The GDP in the first quarter of 2022 was negative and talk of an economic recession is circulating more widely. Yet in April, 428,000 net new jobs were created. The unemployment rate is low at 3.6%. Amazingly, there are two job openings for each unemployed person searching for employment. Even if the economy was to technically fall into a recession, it would be unique because of the tight job market.
Solid job growth is one of the factors contributing to higher inflation. Consequently, the Federal Reserve is raising interest rates and many more rate hikes are on the way. With higher mortgage rates, some would-be homebuyers are simply shocked at the high mortgage payments that are now required compared to one year ago. Another factor contributing to inflation and higher interest rates is surging gasoline prices. Much less oil drilling activity now than in pre-COVID days means elevated energy prices will be with us for a while (and despite sanctions on Russia, it is still collecting sizable oil revenue from selling to countries that have not imposed sanctions, such as China, India, and South Africa).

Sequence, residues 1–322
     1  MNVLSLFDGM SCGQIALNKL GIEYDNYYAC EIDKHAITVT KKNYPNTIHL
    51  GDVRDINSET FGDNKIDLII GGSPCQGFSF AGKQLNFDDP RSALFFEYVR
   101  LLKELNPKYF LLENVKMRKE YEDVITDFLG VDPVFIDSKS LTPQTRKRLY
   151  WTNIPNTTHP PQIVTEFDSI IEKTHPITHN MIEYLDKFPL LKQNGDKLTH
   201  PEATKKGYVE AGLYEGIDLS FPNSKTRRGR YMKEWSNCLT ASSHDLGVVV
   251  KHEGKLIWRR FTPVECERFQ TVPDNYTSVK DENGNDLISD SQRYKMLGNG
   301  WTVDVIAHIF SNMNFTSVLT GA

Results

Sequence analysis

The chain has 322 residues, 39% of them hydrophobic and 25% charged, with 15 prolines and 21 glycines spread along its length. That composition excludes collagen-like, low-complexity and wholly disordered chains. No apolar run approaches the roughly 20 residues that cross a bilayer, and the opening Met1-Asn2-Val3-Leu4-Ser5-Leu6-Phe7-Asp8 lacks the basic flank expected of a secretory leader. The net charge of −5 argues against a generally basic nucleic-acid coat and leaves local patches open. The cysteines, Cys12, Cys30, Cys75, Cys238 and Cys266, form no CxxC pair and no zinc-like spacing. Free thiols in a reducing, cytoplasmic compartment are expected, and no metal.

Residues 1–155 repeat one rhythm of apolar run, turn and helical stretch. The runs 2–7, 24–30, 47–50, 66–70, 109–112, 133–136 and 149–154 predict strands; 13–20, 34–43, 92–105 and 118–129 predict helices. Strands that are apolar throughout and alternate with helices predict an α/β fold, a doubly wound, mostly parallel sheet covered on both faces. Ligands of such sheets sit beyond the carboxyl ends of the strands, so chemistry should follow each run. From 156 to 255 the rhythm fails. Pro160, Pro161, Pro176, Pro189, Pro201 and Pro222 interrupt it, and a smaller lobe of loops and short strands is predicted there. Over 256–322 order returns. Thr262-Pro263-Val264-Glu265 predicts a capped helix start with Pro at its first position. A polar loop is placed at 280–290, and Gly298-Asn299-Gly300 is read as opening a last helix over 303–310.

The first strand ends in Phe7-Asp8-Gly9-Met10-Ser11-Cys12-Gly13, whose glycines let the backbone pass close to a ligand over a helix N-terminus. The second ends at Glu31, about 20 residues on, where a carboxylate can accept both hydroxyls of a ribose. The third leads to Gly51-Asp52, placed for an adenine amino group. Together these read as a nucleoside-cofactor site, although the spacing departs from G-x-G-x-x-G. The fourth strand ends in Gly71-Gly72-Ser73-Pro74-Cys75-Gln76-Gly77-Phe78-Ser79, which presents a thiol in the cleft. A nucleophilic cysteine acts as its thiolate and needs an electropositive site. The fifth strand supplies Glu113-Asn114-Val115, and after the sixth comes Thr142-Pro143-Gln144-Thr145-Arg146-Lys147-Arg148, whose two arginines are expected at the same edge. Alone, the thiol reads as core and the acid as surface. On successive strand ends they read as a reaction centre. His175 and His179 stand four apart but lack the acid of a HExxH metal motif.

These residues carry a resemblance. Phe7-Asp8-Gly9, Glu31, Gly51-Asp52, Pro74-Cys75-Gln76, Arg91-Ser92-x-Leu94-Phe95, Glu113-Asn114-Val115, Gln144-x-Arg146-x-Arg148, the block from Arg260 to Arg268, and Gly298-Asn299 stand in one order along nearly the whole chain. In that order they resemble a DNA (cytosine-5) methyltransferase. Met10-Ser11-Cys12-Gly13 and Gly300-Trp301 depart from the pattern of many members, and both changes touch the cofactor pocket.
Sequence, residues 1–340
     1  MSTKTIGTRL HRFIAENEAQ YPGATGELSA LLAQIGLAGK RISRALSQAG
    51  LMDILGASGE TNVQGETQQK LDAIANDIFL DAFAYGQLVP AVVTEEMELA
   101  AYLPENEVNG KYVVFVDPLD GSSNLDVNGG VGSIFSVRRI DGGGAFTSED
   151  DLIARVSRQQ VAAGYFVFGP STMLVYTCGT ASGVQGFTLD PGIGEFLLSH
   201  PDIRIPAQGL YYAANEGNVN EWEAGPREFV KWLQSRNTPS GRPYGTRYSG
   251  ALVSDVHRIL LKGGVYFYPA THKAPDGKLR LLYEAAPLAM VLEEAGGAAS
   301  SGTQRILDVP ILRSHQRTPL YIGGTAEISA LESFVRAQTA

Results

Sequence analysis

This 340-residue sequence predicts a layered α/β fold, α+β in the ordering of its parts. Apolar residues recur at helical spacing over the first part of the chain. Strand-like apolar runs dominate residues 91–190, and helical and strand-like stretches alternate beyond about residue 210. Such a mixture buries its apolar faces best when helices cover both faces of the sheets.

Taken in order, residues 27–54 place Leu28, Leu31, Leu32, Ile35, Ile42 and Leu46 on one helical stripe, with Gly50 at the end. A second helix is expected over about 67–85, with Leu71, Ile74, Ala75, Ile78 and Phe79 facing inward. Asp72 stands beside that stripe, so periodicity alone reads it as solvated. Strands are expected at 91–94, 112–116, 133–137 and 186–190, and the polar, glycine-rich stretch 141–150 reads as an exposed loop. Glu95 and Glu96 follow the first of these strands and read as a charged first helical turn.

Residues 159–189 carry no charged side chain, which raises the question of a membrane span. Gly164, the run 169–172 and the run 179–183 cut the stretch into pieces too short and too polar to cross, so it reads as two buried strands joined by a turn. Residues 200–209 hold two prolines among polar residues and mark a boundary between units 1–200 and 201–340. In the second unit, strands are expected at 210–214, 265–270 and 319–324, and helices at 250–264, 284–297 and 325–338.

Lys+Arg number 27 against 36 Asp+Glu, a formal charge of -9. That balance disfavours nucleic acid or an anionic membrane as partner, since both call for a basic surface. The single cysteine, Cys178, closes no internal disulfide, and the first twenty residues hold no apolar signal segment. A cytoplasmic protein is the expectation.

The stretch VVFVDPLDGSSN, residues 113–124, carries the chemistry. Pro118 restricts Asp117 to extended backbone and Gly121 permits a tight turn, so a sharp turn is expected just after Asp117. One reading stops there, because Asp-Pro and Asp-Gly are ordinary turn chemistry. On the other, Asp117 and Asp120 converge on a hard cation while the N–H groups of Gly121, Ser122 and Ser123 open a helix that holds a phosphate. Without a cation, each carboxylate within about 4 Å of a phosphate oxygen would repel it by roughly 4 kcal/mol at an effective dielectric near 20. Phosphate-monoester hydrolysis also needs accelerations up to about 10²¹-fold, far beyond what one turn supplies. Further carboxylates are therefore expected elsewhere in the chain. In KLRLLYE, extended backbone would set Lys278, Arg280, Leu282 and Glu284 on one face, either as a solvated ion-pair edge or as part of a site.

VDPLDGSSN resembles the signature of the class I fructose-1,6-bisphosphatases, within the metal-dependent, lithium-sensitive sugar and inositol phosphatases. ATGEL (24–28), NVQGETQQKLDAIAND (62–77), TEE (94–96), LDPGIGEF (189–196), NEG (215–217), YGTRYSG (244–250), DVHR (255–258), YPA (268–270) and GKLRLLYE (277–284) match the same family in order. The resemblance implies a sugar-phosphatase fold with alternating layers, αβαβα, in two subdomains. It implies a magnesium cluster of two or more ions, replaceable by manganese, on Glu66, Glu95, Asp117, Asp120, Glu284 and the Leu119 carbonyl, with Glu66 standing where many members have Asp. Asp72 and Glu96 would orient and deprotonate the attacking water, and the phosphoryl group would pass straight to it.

Job market conditions imply more potential homebuyers. But higher interest rates imply fewer homebuyers. This year at least, the negative impact of higher rates will outweigh the positive impact on jobs. Home sales are projected to decline by nearly 10% this year. Only when inflation calms down will the Fed stop raising interest rates and home sales make a turn for the better.